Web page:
On Friday, Taiwan created history with Asia’s first legal gay weddings as same-sex couples tied the knot in jubilant and emotional scenes, the culmination of a three-decade fight for equality.
The weddings, which came a week after lawmakers took the unprecedented decision to legalise gay marriage despite staunch conservative opposition, places Taiwan at the vanguard of the burgeoning gay rights movement in Asia.
Some dozen couples were among the first to arrive at a government office in downtown Taipei to legally register their relationships as marriages.
Among those tying the knot were social worker Huang Mei-yu and her partner You Ya-ting.
They held a religious blessing conducted by a progressive Buddhist master in 2012 but longed for the same legal rights granted heterosexuals.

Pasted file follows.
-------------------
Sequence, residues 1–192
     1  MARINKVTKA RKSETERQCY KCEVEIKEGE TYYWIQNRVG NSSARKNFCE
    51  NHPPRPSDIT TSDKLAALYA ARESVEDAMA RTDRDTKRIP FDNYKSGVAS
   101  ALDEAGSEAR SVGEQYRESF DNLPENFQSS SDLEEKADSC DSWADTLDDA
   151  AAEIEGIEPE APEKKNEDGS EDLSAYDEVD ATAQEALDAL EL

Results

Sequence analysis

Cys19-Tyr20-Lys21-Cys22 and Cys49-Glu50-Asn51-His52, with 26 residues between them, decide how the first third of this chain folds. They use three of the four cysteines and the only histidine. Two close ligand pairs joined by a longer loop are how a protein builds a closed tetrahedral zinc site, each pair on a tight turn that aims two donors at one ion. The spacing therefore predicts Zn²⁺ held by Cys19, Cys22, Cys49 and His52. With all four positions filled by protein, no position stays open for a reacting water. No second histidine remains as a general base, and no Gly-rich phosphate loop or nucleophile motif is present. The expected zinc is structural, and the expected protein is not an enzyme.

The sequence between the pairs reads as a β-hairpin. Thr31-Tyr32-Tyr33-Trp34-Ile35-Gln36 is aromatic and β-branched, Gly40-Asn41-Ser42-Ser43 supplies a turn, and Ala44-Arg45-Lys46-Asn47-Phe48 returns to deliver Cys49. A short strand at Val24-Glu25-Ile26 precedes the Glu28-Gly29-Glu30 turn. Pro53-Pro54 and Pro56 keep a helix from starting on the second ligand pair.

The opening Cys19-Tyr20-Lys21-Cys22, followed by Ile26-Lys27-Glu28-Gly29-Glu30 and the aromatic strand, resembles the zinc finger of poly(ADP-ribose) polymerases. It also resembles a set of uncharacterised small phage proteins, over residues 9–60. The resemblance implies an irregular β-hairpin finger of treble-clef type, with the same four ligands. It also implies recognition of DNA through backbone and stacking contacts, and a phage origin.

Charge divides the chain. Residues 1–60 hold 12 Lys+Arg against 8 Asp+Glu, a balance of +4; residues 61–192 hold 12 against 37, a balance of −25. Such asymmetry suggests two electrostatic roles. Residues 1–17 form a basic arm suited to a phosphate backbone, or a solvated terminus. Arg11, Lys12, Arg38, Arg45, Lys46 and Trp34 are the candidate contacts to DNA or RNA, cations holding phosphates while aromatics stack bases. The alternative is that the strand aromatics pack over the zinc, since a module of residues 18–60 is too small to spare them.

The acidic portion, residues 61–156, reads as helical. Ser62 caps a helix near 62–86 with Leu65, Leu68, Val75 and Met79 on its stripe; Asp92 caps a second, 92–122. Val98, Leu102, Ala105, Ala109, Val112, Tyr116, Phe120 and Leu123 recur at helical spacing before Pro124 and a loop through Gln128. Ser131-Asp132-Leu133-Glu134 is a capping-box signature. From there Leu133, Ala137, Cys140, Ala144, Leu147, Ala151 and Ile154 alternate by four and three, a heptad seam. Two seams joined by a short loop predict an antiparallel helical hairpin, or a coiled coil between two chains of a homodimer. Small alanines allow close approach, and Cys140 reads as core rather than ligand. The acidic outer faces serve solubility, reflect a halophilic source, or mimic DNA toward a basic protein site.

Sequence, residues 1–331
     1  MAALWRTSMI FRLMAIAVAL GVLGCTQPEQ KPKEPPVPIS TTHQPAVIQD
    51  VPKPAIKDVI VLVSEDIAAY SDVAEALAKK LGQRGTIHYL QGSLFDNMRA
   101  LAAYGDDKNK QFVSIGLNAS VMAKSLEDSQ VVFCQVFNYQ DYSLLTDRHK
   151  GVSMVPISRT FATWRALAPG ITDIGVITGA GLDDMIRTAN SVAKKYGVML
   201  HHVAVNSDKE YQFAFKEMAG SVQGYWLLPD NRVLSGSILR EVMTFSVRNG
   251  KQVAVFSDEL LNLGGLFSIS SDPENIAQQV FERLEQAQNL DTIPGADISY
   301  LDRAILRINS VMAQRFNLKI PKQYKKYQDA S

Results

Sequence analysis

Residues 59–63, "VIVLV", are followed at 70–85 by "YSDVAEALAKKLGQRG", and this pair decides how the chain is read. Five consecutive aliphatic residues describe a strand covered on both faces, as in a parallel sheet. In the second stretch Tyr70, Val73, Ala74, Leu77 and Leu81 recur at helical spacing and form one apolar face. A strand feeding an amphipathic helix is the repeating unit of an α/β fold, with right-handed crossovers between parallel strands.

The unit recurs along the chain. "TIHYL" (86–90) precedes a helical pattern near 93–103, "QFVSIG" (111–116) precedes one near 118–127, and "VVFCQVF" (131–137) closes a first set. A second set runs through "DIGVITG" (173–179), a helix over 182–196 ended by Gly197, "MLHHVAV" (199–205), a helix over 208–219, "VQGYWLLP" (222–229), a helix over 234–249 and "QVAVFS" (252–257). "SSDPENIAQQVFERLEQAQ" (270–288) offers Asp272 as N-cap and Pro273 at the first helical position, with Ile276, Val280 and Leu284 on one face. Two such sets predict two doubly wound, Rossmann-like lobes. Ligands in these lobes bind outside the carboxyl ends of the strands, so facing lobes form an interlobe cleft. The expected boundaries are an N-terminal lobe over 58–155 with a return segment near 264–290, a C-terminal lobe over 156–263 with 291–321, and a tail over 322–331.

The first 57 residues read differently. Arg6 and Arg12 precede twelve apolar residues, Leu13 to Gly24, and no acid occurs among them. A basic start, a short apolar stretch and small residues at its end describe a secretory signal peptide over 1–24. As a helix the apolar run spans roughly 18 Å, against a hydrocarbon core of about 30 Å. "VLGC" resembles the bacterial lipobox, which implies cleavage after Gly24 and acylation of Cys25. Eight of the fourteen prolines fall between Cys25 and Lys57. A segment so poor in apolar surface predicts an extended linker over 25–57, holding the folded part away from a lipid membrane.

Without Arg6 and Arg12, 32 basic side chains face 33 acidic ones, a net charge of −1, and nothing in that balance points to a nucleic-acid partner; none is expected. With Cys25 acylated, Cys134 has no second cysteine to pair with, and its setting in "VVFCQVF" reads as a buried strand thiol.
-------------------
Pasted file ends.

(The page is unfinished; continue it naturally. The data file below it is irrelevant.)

“It’s belated, but I’m still happy we can officially get married in this lifetime,” Huang told AFP after signing her marriage certificate, clutching a bouquet and beaming.
Legal recognition of their love, she said, was a crucial step and might help others accept their relationship.
“Now that same-sex marriage is legally recognised, I think my parents might finally feel that it’s real and stop trying to talk me into getting married (to a man),” she said.
Shane Lin and Marc Yuan, who fell in love at college, were the first to register.
“It’s not been an easy journey and I’m very lucky to have the support of my other half, my family and friends,” Lin told reporters through tears.
“Today I can say in front of so many people that we are gay and we are getting married. I’m really proud that my country is so progressive,” he added.